enter name and hit return
Brooklyn Standard Union
20 February 1917
WIFE TO CONTEST HOWELL's WILL
Death-Bed Document Gave Her $5,000 - Prior Will Makes Her Chief Beneficiary
Will the alleged death-bed will of Henry R. HOWELL, the publisher,
in which he arraigns his wife, Mrs. Jennie D. HOWELL,for alleged
avaricious conduct, and cuts her off with a $5,000 bequest be accepted
by a jury as authentic? This is the question which Mrs. HOWELL is
willing to face, for she has begun suit in the Surrogate's Court,
asking the probate of a prior will, dated April 17. 1915, in which
she is named as residuary legatee.
Under the terms of the instrument dated December 27, 1916, the
day that Mr. HOWELL died at the Bay Ridge Sanitarium, Mrs. HOWELL
forfeits her right to any share in the estate if she begins contest.
She has chosen however, to risk losing the $5,000 bequest, rather than
bear the stigma of the attack on her contained in the alleged will.
HOWELL was publisher of the American Hairdresser and lived at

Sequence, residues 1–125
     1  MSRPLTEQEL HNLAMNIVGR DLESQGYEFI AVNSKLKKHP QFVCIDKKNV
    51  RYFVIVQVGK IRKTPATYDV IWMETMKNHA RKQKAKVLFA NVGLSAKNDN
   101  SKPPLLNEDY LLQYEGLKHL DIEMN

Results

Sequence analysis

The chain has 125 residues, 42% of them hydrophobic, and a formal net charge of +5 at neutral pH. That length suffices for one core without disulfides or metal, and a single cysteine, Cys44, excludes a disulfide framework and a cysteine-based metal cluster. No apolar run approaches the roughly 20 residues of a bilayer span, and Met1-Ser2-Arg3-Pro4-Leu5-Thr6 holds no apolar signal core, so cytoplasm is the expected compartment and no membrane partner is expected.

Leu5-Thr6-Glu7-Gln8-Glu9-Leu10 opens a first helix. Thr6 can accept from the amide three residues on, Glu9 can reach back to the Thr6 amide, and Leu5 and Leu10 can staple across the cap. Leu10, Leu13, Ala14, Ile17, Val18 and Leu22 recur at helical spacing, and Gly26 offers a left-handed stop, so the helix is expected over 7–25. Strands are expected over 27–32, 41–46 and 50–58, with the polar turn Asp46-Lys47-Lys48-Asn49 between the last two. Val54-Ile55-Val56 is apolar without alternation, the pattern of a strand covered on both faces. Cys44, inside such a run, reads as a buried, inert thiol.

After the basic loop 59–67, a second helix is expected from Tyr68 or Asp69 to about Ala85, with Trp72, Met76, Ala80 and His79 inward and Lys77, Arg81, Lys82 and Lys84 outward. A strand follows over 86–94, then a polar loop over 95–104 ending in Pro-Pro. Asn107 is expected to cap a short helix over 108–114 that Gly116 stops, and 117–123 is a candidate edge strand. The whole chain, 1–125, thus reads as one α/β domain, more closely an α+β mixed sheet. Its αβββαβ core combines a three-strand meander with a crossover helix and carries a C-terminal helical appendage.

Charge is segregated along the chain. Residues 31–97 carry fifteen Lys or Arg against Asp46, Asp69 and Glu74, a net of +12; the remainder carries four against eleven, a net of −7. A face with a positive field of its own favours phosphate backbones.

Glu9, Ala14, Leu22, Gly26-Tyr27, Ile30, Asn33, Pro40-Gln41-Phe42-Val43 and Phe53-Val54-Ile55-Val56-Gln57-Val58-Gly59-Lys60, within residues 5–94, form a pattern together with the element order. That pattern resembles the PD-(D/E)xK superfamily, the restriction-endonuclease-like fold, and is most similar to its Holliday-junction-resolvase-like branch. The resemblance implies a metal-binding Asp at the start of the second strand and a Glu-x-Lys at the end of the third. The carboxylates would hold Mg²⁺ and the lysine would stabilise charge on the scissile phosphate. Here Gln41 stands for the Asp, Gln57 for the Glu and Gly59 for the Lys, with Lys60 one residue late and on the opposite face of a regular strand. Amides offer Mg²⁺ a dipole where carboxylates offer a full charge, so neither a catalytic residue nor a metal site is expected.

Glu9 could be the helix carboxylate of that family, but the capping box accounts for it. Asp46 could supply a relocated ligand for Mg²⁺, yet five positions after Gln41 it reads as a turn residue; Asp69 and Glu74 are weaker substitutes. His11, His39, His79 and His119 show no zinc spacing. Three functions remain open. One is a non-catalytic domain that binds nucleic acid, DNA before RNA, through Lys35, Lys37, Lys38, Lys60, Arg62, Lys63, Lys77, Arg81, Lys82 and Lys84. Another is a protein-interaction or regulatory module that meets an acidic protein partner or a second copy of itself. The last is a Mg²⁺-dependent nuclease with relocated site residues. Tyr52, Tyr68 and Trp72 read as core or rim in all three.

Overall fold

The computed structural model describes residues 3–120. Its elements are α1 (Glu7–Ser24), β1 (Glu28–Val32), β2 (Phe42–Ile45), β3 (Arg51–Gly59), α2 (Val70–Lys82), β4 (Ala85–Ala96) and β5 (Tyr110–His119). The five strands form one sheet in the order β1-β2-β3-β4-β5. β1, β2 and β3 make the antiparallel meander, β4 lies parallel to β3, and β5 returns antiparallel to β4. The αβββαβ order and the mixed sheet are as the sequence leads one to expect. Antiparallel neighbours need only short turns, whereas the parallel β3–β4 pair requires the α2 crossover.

786 East Second street. The petition filed with the alleged will,
which is to be contested in April recites an estate of about $1,000
real estate and "upward of $5,000" personally. The instrument directs
that, after the distribution of several minor bequests, the bulk of the
property shall go to a son, Henry Russell HOWELL Jr. It provides that
the wife shall have no share in the administration of the estate.
The instrument dated April 1, 1915, since offered for probate,
provides that $5,000 shall be invested for the benefit of the son,
and the residue of the estate, after the payment or several small bequests,
shall go to Mrs. Howell, who is named as an executrix.
Mary Ellen Waltz
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